Estonia warned to prepare to inflict ‘decisive defeat’ on Vladimir Putin’s Russia | World | News

The top military chief of one of the smallest countries in the European Union said his nation must double its defence spending over the next two years.

By doing so, the nation could not only defend itself against a feared Russian invasion, but even inflict a “decisive” defeat.

General Martin Herem, the commander of the Defence Forces in Estonia, issued the warning during an interview released in Japan, where he was attending a meeting with fellow defence officials.

General Herem added: “If you show your face over my border, the decisive victory must come very quickly: not by months and years, but days and weeks.

“If we really believe that it may come in three years, then we have to make decisions today.”

This comes as multiple NATO countries have, since the beginning of the year, raised alarm bells over the prospect Russia may attack another country within years.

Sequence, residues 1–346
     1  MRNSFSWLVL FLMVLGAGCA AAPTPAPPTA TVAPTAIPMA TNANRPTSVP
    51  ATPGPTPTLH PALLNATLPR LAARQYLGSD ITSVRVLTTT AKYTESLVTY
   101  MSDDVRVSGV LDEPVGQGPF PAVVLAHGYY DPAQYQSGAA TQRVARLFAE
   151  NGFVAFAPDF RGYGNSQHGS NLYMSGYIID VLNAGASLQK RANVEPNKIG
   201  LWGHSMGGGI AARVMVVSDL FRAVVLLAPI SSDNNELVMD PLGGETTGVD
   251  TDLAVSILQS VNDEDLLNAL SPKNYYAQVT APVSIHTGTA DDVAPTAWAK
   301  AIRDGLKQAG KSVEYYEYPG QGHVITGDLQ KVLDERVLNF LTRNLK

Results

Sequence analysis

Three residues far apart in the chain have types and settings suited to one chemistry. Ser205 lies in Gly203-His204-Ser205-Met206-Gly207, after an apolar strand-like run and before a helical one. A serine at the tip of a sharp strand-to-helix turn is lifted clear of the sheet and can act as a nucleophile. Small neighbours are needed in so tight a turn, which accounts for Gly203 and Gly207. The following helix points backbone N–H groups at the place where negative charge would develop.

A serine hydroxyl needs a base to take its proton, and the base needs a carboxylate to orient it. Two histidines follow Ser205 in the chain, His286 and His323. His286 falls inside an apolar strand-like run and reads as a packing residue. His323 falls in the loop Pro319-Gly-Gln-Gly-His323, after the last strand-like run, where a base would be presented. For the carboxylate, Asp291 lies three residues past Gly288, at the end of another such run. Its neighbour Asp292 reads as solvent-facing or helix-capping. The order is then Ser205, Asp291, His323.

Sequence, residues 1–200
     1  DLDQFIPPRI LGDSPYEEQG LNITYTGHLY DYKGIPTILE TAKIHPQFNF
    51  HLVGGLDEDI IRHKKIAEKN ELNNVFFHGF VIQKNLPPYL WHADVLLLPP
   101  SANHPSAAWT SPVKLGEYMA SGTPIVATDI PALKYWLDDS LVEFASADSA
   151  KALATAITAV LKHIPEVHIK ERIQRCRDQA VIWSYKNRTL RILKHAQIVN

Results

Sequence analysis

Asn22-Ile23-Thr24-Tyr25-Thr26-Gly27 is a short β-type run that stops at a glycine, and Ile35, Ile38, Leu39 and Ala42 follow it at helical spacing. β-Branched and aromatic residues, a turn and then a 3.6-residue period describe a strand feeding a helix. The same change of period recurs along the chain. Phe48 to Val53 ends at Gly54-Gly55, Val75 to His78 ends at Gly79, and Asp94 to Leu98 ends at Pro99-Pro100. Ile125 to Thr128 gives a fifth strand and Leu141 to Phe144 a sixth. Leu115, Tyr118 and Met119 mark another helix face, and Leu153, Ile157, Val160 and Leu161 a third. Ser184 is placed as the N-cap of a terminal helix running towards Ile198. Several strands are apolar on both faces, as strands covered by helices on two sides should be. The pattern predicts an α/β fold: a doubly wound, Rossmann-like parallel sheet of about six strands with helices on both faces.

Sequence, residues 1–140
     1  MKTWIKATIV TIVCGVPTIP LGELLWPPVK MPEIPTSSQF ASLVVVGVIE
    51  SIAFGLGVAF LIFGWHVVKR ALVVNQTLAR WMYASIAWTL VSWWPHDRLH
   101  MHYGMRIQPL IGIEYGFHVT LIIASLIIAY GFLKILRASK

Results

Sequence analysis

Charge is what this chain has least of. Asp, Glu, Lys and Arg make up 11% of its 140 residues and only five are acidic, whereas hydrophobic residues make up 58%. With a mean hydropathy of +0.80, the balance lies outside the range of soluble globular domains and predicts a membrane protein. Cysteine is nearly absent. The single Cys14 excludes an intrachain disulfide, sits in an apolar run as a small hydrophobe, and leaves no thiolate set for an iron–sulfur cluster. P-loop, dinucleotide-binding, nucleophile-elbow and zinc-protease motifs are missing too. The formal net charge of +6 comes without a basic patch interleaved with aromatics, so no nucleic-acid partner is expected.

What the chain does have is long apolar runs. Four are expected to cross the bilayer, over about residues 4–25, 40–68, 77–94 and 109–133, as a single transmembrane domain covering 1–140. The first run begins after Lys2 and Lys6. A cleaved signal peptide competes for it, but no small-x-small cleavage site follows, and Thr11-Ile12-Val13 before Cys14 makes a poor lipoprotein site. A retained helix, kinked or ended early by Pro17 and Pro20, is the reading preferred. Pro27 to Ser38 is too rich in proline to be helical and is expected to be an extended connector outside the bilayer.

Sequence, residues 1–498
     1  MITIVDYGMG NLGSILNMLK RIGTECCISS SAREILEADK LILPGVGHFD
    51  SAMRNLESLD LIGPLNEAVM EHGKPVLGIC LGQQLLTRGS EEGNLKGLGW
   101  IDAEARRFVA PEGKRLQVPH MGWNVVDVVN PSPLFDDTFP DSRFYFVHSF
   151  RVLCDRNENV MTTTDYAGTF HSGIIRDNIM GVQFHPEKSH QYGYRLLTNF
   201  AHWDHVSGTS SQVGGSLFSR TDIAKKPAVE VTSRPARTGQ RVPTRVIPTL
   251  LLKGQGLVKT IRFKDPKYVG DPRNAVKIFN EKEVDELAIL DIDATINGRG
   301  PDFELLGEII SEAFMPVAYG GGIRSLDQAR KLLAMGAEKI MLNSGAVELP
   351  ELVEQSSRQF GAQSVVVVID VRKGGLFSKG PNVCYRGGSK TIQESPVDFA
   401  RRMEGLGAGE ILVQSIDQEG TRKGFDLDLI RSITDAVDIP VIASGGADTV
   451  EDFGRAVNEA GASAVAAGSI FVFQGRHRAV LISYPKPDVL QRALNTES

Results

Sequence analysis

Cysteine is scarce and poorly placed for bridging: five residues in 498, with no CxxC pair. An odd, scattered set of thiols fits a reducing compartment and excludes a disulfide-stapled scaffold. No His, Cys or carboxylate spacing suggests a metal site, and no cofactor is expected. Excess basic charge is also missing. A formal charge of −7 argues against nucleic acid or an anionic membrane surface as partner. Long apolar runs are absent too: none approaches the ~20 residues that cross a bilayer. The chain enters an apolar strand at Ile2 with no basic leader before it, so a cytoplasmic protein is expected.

Moldova, Poland and the Baltic states have been identified as the more likely victims of a new war in Europe at the hands of Vladimir Putin.

The Estonian general said the Russian president would not be deterred by the prospect of large casualties nor the risk of a nuclear conflict if he decided to attack one of the Baltic states – all of which are NATO members who could invoke Article 5, the collective defence principle of the Western military alliance.

Estonia, which only counts around 1.3 million residents, accessed to NATO in 2004.

In 2023, its defence budget was 2.7 percent of its GDP – well over the 2 percent target members of the military alliance are asked to meet.

The Baltic country’s foreign intelligence service was one of the agencies warning Russia may be eying a new target despite the war in Ukraine still raging.

The service said to believe Russia was preparing for a military confrontation with the West within the next decade, and was set to double the number of troops stationed along its border with NATO’s eastern flank.

Putin denied on March 27 that Russia has any intention to attack Poland, the Czech Republic or the Baltic states.

He said: “The idea that we will attack some other country – Poland, the Baltic States, and the Czechs are also being scared – is complete nonsense. It’s just drivel.”

However, he warned Russia will shoot down F-16 fighter jets if the West fulfils its promises and supply them to Ukraine.

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